Hannah-Louise Toomey had a keen interest in improving access to mental health services even before she was elected as a governor for Oxford Health NHS Foundation Trust in 2019. Now, with nearly two years in the role, she is even more enthusiastic.
“It’s been very exciting, 100 per cent worth it,” she says.
Her initial motive was both personal and societal.
“I really wanted to help remove the stigma and shame attached to mental health problems. I wanted recovery to be promoted and spoken about as much as illness itself, or more. I wanted to let people know that although it is often difficult to ask for help, once you’ve asked, there is a lot of support.”
As a governor Hannah-Louise has found a platform where she can pursue the causes close to her heart and get involved in much more than just meetings. She has conducted ward inspections and sat in the panel to interview candidates for Oxford Health’s chief executive. She has presented in the Trust’s Health Matters webinar and promoted the Trust membership in events such as the International Women’s Day 2020 at the Asian Cultural Centre in Oxford. She was appointed the chair of the Membership Involvement Group and is keen to increase engagement with the public and service users, especially in communities that may be under-represented in shaping the local health services.
“A lot of people associate Oxford with wealth, but there are very deprived areas in Oxfordshire. I really want to go into these communities and rather than saying: ‘This is what we can do for you, this is what we’re going to put into your community’, I want to say ‘what is it that you would like? And how can we achieve that? How can we work together?’ I really want to highlight the discrepancies we have between multiple communities around Oxford, and work with local organisations to change how we deliver health care services.”
Governor and uni student
Stepping up to be a governor coincided with Hannah-Louise starting to study for a Masters degree in occupational therapy at Oxford Brookes University. Notwithstanding the obvious challenge for time management, this has inspired her to consider further, more strategic directions in her role.
“My university is very supportive of my role as governor and they value the relationship between the university and the Trust. They’re also very aware that my role as a governor needs to be separate from my role as a student. For instance, I won’t be put in a student placement on a ward that I’m involved with as a governor.”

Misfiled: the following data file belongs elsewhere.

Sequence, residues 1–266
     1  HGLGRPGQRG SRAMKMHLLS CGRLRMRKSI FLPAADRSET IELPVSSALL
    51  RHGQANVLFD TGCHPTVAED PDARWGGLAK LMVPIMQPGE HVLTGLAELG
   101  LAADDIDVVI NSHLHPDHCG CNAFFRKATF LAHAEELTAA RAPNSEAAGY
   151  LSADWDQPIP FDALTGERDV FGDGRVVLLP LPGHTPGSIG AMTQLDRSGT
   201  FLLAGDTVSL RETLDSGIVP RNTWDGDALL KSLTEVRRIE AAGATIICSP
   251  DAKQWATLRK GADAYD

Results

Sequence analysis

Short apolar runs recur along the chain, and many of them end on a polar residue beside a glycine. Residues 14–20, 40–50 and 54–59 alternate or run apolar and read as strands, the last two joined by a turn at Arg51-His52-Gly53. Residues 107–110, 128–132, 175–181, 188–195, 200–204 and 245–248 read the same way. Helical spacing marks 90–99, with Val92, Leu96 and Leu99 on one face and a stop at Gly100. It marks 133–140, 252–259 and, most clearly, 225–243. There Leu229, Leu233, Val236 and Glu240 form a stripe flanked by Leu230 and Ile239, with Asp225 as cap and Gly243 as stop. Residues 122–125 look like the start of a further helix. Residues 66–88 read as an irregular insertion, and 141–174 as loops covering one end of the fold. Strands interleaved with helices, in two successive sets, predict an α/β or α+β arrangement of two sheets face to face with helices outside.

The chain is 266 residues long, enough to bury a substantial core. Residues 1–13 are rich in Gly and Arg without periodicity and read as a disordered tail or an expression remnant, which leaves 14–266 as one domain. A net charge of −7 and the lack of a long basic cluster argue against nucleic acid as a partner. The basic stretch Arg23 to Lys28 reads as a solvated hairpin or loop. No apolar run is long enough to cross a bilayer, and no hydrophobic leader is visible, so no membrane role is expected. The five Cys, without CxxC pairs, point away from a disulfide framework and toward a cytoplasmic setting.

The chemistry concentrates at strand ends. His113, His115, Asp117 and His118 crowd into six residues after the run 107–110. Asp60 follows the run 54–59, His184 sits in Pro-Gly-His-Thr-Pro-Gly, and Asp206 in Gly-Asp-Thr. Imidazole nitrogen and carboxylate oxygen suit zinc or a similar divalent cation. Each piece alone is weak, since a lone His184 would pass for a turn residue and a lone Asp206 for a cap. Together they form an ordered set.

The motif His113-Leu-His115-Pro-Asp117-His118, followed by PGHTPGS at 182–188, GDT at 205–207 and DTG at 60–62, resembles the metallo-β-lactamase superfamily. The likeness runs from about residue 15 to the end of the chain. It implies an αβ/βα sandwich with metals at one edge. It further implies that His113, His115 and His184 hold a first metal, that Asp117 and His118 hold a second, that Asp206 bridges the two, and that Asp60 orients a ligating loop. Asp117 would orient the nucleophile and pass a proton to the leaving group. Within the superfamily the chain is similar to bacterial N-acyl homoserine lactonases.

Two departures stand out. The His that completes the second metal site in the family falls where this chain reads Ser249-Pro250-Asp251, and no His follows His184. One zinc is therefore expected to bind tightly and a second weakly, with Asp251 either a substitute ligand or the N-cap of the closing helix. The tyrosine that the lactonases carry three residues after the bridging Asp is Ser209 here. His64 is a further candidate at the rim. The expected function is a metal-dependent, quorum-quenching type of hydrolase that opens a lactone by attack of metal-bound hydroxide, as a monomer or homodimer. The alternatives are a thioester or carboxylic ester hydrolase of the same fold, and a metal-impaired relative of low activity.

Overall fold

“One thing that I’m trying to do as a governor is to develop the relationship between the universities and Oxford Health, looking at the bigger picture like staff retention within the Trust. Going into the final couple of years of school and going to universities and say: ‘please come in. Have placement with us then please stay with us.’ So, currently a few of us are looking at setting up a mentorship program where we can support students through their final years and placements: offer them a gateway into the Trust, buddy them up with a professional, and support them in obtaining a long term position with the Trust,” she says, adding:
Opportunity to grow
Hannah-Louise feels that being a governor has helped her to develop and enhance her skills, not to mention knowledge.
“Part of the challenge was me getting over my imposter syndrome; thinking that I wouldn’t be good enough. Then I started being listened to – which is I exactly why I decided to run to be a governor. I wanted to be heard so when I started being heard, I thought oh, OK, I’m being listened to.”
“I definitely have grown as a person and as a professional. I am quite direct and can speak my mind and I’ve always been like that. But learning to put my ideas across in a governance context; that’s a whole another thing! I have to reason why I’m pushing to do something. I can’t just say we have a problem without backing it up with a solution, and I have to engage my listeners in a very short time. Now, if I have to present on the spot, I can!”
Led by service users
In this year’s Council of Governors election, Oxford Health is increasing the representation for service users: there are seven governor vacancies for service users across the counties. Nominations will open in March – check out the vacancies and how to put yourself forward here.
“We are a led by our service users. They are the experts with lived experience. We [the Trust] are just facilitators in their care and recovery. We need more of our service user voices in order to do the absolute best that we can.”